Its understandable that some in ethnic communities and the LGBT communities etc struggle to trust the police given history. There are methods of reporting via other agencies in most police areas.

          1. @Stu

            “some do not”

            My un-announced visit from the Police, came from the Diversity Unit at A & S Constabulary, we had the chat where I was threatened and we finished the un-announced visit. But as I followed him up my garden path, he suddenly noticed “I” was behind him and he freaked!

            Most people think that when a hate crime is committed the victim is automatically given a specially trained hate crime Police officer to investigate their case. This is “not true” the police have a queuing system of coppers that takes the next investigation whether it’s a hate crime or not. It’s luck if you get a hate crime officer to investigate your case. The forces need to have a Hate crime unit of specially trained hate crime officer’s that take over an investigation once it’s known or suspected as a homophobic hate crime, like when a victim asks for a WPC or when a firearm is suspected of being used, they send in the coppers with guns.

          2. @Cleggy

            The way you describe the un announced visit (not unusual in itself in policing) from the police makes me angry that there are still people in the police who behave in underhand ways like this. I know victims of hate crime are not always allocated a specially trained officer (they should be – but arent) but they are entitled to request one! The hate unit was what we had in the force where I worked for 7 years as a police officer and initial response would be whoever on uniform but once identified as a hate crime it would usually (have to be good reason not to) be referred to the hate unit. (really called PPRSGH unit but ,,,), The hate unit would also review all hate crimes and all incident logs that appeared to be hate related but were closed off as not being. Didnt get it all right but it was better.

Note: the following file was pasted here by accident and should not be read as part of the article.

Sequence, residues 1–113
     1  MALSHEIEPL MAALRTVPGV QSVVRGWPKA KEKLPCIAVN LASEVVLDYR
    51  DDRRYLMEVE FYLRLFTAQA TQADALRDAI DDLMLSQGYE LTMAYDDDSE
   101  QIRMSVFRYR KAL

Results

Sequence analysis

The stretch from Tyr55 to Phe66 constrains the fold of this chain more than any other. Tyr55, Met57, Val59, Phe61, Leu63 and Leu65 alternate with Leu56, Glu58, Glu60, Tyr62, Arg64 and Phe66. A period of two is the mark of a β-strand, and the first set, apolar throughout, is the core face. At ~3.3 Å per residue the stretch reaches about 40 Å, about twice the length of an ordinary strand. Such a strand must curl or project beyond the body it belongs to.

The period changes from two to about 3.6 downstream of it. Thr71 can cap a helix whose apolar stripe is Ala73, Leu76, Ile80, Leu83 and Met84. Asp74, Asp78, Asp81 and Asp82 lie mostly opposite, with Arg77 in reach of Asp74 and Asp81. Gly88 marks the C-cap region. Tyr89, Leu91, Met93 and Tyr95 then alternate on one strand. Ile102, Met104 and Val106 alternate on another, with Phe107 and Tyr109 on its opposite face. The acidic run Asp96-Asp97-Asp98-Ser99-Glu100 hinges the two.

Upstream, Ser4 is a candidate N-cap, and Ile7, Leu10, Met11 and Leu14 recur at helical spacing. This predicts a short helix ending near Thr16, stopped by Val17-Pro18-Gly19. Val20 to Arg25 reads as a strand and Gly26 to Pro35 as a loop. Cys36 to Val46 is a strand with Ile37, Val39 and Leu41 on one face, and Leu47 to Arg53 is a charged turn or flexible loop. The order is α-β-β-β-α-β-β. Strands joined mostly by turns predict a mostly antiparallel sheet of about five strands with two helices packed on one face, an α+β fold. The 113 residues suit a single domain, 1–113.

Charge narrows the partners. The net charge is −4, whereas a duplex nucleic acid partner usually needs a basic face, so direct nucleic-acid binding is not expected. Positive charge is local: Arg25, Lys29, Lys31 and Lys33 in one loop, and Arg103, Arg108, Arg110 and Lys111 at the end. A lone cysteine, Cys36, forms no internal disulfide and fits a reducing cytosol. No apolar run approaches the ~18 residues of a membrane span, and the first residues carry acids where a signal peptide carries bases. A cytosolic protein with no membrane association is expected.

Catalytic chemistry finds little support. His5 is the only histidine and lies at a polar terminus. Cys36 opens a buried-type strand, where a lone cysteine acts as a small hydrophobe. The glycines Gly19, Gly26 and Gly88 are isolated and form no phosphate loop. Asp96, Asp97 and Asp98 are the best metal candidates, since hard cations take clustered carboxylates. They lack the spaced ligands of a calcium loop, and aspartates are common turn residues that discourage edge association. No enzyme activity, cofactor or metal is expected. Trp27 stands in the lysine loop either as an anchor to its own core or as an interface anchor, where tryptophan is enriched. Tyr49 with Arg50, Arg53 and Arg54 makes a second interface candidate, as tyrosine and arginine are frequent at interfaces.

If you have evidence I am sure IPCC would be interested.

        2. Jock S. Trap 1 Apr 2011, 7:52am

          Cleggy

          I have to agree. My own situation I ended up having to find out the local Gay Liaison Officer to be taken seriously. Have also heard other people’s accounts when they have been attacked, which haven’t been helpfully.

          Lucky when I did find my local Gay Liaison Officer I couldn’t have asked for better help.

          My worry is, if this is in London, I dread to think what help it like elsewhere.

          1. @Jock S Trap

            The police service I was an officer in was a long way out of London and whilst it didnt get everything right every time it did do a pretty good job at dealing with LGBT and other hate issues.

            You shouldnt have to seek out a liaison officer. There should be schemes in place to have effective management of incidents, allegations and reports being dealt with appropriately skilled officers – but with all officers being capable of dealing with the initial report.

          2. I was assaulted in a homophobic attack about 7 years ago and went to Islington police to report it. The woman on the desk was extremely homophobic but I did get a half-apology from her later on. The gay liaison officer left a message on my mobile but I tried and tried to get hold of him but couldn’t. At the 2-day trial the defence barrister kept asking me if I was a “practising homosexual” and kept telling me I was a liar. They didn’t even bother with my written statement or photographs of the bruises and the police woman who took my statement was laughing and joking with the defence barrister. It all seemed a fit-up and the magistrate didn’t even bother to sum-up – he just let my attacker off who gave me a broad smile as he left the court. I’m still bitter about the whole experience…

          3. @Stu

            The hate crime officer advises, but the officer who was given the incident, still has the case and as an untrained (to be gay friendly) Police officer they still make homophobic mistakes.

            I’ve been to the IPCC and ACPO over this and they are not interested.

            And lets not forget a former Deputy Chief Constable of A&S is now the lead officer for Race & Diversity at ACPO and he just cut the funding of Gay Police Association and not the funding of the Christian Police Association. He also has a highly questionable history.

            With A&S you have to demand a hate crime officer.

          4. @Cleggy

            Sounds very concerning all you say regarding A&S. If you have any form of documentary evidence then I would formulate it into a purely factual account – leave out any speculation – and send a letter to your MP explaining what you know, what you have tried to do, what the unhelpful responses were. The concerns you have about behaviour eg of the ACPO rank A&S officer and his decisions re GPA and CPA and ask for it to be taken up with relevant bodies. If that doesnt get you anywhere media expose … but thats how I would tackle it …

            I agree in some locations its essential to have a liaison officer. I have seen some very good police practice and seen and heard of some very bad police practice.

            @Jamesh – I am really sorry to hear of your experience. Most of it the police should not be doing. The police can’t be accountable for the conduct of the defence solicitor but the magistrate should have ensured fairness and equality. Its sad that the police have still much to do